1. We present the first implementation111Source code: https://github.com/wh1992v/R2RRMopionSolitaire of Ranked Reward AlphaZero-style self-play for Morpion Solitaire.

  2. On this implementation, we report our current best solution, of 67 steps (see Fig 2).

This result is very close to the human record, and shows the potential of the self-play reinforcement learning approach in Morpion Solitaire, and other hard single player combinatorial problems.

This paper is structured as follows. After giving an overview of related work in Sect. II, we introduce the Morpion Solitaire challenge in Sect. III. Then we present how to integrate the idea of R2 into AlphaZero self-play in Sect. IV. Thereafter, we set up the experiment in Sect. V, and show the result and analysis in Sect. VI. Finally, we conclude our paper and discuss future work.

Ii Related Work

Deep reinforcement learning [15] approaches, especially the AlphaGo and AlphaZero programs, which combine online tree search and offline neural network training, achieve super human level of playing two player turn-based board games such as Go, Chess and Shogi [1, 3, 4]. These successes spark the interest of creating new deep reinforcement learning approaches to solve problems in the field of game AI, especially for other two player games [16, 17, 18, 19].

However, for single player games, self-play deep reinforcement learning approaches are not yet well studied since the approaches used for two-player games can not directly be used in single player games [14], since the goal of the task changes from winning from an opponent, to minimizing the solution cost. Nevertheless, some researchers did initial works on single games with self-play deep reinforcement learning [20]. The main difficulty is representing single player games in ways that allow the use of a deep reinforcement learning approach. In order to solve this difficulty, Vinyals et al. [21]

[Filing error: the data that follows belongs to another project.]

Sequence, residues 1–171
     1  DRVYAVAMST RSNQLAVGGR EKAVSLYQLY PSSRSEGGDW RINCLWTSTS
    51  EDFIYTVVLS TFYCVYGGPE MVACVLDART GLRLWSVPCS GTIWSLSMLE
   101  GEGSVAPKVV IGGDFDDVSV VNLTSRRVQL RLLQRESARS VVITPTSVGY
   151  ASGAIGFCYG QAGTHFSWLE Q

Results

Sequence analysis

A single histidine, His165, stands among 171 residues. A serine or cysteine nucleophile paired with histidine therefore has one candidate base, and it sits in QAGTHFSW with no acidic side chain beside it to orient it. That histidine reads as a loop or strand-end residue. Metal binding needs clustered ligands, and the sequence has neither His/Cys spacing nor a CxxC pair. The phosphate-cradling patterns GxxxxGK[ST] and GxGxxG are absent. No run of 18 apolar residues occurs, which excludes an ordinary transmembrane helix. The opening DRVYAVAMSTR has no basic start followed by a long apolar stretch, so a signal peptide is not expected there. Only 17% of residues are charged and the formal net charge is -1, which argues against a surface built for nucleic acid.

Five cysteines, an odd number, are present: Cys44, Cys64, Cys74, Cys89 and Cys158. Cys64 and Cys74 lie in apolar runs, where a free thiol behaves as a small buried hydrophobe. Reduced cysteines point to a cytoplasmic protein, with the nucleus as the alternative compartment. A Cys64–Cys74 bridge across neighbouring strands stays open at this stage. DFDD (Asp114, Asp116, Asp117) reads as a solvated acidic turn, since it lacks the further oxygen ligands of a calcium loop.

proposed a neural architecture (Pointer Networks) to represent combinatorial optimization problems as sequence-to-sequence learning problems. Early Pointer Networks achieved decent performance on TSP, but this approach is computationally expensive and requires handcrafted training examples for supervised learning methods. Replacing supervised learning methods by actor-critic methods removed this requirement 

[22]. In addition, Laterre et al. proposed the R2 algorithm through ranking the rewards obtained by a single agent over multiple games to label win or loss for each search, and this algorithm reportedly outperformed plain MCTS in the bin packing problem (BPP) [14]. Feng et al. recently used curriculum-driven deep reinforcement learning to solve hard Sokoban instances [23].

In addition to TSP and BPP, Morpion Solitaire has long been a challenge in NP-hard single player problems. Previous works on Morpion Solitaire mainly employ traditional heuristic search algorithms